No, I’m not talking about the epidemic of Christmas decorations that take over every shop, town centre and retail park the second Halloween is done with.
No, it is fast approaching TDOR or Transgender Day of Remembrance for those who don’t do acronyms. This falls on the 20th of November each year.
Basically, this is the time of year where student societies and small groups of LGBT people and allies gather in the name of all those gender non-conformists who have suffered or been killed because of their identities, while the world at large couldn’t give a shit.
We have plenty of new names to remember this year, the closest to home for me probably being Lucy Meadows, who felt she had no other option but to take her own life after a scathing character assassination in the national press by the vile social tumour, Richard Littlejohn-the-Hutt.
But how do I best spend the day? I have invites to two different events.
The first is my old University LGBT society’s annual event, which usually involves a few words, watching ‘Boys Don’t Cry’ and then something involving alcohol.
As someone who has suffered with emotional dependency on alcohol in the past, my involvement with my former LGBT soc was sadly limited, as it was more of a drinking club and meat market than a support group. Also, although I can appreciate the solemnity of the occasion, films like ‘Boys Don’t Cry’ only serve to paint us as perpetual victims.
While awareness of the abuses Trans people suffer is essential, where is the celebration of life? Where is the joy in diversity? Where are the success stories, or the narratives that show us overcoming our ‘victimhood’. I feel that TDOR needs to be more than just a Pity-fest in small groups, while the people who make life hard for us are blissfully unaware of the importance of the day.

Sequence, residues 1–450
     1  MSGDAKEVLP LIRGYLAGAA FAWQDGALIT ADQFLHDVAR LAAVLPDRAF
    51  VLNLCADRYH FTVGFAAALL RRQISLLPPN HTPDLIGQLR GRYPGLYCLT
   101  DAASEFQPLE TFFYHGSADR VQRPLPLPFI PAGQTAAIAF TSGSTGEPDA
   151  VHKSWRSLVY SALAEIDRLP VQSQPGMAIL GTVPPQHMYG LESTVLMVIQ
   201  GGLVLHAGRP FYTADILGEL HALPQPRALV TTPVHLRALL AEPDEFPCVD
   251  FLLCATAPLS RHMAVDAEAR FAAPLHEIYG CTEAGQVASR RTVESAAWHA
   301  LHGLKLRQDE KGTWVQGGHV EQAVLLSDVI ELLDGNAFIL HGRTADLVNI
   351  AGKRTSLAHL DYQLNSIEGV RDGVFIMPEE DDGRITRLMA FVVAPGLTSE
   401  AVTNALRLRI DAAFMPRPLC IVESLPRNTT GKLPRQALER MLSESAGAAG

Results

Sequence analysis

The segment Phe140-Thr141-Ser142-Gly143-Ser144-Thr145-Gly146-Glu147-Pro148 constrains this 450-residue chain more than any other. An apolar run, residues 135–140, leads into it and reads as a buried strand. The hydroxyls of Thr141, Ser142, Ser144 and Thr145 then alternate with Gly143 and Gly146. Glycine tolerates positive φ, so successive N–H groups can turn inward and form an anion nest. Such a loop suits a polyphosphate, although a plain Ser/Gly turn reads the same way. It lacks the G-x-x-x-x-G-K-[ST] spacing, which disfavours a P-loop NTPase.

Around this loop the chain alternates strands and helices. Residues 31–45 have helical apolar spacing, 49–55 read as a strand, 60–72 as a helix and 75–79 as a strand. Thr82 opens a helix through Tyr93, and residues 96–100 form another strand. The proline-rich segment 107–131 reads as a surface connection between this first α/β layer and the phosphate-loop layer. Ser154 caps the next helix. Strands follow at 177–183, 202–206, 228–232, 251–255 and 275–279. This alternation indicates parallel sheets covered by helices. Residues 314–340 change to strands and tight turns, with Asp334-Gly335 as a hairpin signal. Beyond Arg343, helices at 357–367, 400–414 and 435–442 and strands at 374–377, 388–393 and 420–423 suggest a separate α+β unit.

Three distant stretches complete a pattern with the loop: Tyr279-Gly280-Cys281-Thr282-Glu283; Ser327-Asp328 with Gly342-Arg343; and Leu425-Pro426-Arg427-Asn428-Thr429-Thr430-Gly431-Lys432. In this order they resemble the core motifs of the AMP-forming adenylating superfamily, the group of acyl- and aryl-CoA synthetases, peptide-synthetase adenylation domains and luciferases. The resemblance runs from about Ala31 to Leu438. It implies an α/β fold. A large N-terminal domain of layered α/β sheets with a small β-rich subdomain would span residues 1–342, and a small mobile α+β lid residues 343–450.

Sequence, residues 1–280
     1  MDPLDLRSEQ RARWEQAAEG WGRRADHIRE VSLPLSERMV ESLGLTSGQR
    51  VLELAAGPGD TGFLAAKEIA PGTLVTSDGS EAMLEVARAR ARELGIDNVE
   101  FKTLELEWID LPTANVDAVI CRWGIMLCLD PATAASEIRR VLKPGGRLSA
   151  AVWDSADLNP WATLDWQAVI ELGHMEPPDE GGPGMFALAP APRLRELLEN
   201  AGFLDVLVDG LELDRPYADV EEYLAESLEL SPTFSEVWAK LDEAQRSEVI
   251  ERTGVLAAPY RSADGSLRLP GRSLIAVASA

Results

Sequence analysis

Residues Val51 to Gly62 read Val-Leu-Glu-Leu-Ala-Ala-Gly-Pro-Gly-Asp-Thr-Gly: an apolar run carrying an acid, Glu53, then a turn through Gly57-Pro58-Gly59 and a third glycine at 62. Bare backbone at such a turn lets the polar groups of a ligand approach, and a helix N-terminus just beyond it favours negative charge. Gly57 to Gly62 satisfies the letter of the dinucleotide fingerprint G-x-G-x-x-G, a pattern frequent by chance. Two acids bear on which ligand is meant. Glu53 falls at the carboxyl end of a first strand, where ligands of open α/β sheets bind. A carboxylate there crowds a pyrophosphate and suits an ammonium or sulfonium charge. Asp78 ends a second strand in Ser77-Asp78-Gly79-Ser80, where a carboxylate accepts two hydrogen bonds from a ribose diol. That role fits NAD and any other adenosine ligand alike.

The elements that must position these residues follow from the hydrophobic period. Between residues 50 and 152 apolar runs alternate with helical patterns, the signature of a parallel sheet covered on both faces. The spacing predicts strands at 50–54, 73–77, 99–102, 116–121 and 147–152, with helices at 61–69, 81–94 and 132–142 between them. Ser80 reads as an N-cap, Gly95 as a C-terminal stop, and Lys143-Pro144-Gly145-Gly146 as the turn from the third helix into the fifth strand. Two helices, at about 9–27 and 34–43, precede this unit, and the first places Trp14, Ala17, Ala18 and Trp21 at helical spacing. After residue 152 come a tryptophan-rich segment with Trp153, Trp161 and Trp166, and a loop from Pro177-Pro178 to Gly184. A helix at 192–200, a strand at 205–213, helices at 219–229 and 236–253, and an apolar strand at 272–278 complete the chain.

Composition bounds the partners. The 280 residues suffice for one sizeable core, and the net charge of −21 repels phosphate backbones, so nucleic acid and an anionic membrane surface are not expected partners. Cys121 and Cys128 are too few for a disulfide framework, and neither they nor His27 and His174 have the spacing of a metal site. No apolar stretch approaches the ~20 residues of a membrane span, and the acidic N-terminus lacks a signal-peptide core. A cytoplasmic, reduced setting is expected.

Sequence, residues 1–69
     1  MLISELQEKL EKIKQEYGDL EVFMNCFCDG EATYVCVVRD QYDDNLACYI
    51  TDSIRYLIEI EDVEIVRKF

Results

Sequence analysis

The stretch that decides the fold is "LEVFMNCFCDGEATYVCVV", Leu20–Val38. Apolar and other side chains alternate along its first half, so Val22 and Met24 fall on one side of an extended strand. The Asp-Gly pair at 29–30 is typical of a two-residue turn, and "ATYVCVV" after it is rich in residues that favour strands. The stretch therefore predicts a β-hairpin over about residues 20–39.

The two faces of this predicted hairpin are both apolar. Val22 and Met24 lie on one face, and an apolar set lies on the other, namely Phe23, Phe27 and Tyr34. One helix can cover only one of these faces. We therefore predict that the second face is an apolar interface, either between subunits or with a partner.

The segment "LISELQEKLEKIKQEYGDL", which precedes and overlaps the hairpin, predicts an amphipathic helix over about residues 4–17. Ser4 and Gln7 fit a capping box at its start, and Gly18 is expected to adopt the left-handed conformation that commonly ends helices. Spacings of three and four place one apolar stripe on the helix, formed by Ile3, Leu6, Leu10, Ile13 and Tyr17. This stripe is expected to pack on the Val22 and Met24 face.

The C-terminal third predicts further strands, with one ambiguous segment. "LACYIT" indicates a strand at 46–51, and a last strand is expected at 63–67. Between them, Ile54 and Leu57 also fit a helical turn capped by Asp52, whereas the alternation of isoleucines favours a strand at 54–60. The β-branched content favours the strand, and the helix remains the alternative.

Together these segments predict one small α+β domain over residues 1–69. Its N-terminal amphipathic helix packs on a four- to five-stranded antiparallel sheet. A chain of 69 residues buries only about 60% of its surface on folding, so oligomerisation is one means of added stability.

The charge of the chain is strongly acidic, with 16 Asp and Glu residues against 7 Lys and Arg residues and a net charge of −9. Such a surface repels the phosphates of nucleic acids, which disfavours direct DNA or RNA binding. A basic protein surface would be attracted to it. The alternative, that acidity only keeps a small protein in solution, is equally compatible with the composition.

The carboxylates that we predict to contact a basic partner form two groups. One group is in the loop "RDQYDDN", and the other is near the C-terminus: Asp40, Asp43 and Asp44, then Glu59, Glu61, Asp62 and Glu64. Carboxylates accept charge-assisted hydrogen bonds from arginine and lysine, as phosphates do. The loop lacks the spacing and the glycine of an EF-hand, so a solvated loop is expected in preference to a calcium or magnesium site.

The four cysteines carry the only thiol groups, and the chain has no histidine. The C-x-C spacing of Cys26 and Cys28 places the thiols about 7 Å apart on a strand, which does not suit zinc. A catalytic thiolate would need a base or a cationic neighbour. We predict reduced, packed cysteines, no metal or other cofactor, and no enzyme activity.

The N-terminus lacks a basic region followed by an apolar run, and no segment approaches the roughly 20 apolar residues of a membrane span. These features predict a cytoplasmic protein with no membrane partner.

This year is apparantly a ‘T’ party… cute!
My other option is a remembrance service at a church in a nearby town.
Now, the church have spent the last few years campaigning against the rights of LGBT people to marriage equality. They have throughout history been the driving influence behind EVERY piece of anti-LGBT discrimination in this country, whether through direct influence, or through it’s influence of it’s own members.
Now I think it’s good that this one church is opening it’s doors to the trans community, but one little service will not undo the damage it has done. If the church wishes to make it’s support for the trans community known, then it is to it’s regular parishioners that it must turn, and spread the word of unconditional love and tolerance.
Also, as an atheist, I find the idea of asking a timbered ceiling to bring some kind of solution to a very real and persistent problem, kind of insults my intelligence.
I do not mean to cast aspersions on those who have organised these events. Their hard work will no doubt help many others in need of support, and will rightly honour the brave who stood up for who they were and were cruelly taken from us as a result. These events just don’t connect with me in the way that they are supposed to.
What do I want? I don’t know.
Nothing on offer feels right. Sorrow, sadness… yes, those are right, but where is the anger? Where is the righteous, mouth frothing, placard waving “Fuck you, I have a right to not be treated like shit!” attitude. Where are the soap boxes and megaphones calling attention to all this bullshit? I guess no one is interested in that.
I sometimes feel that we are expected to be the martyrs of the LGBT movement. We are embraced and held up as examples when we suffer, but where is the rest of the community when we need them for other stuff? Seems we are only good for nailing to the cross.
Oh, and why the fuck does Richard Littlejohn STILL have his job? Had he hounded someone for being Gay or Lesbian, then he would have been fired. But then, to those outside the community, ‘another dead Tranny’ is just a statistic. Not like we’re real people or anything.